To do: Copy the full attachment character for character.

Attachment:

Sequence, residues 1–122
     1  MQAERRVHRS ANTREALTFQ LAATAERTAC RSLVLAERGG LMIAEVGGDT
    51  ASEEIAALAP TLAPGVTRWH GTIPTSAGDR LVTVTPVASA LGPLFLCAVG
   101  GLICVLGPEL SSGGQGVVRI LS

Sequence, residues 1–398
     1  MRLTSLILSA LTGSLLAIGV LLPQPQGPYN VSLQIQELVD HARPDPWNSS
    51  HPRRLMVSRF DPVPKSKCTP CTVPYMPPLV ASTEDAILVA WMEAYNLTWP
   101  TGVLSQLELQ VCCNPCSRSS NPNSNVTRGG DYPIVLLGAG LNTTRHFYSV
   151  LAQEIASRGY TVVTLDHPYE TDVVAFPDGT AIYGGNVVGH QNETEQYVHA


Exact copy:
Sequence, residues 1–122
     1  MQAERRVHRS ANTREALTFQ LAATAERTAC RSLVLAERGG LMIAEVGGDT
    51  ASEEIAALAP TLAPGVTRWH GTIPTSAGDR LVTVTPVASA LGPLFLCAVG
   101  GLICVLGPEL SSGGQGVVRI LS

Sequence, residues 1–398
     1  MRLTSLILSA LTGSLLAIGV LLPQPQGPYN VSLQIQELVD HARPDPWNSS
    51  HPRRLMVSRF DPVPKSKCTP CTVPYMPPLV ASTEDAILVA WMEAYNLTWP
   101  TGVLSQLELQ VCCNPCSRSS NPNSNVTRGG DYPIVLLGAG LNTTRHFYSV
   151  LAQEIASRGY TVVTLDHPYE TDVVAFPDGT AIYGGNVVGH QNETEQYVHA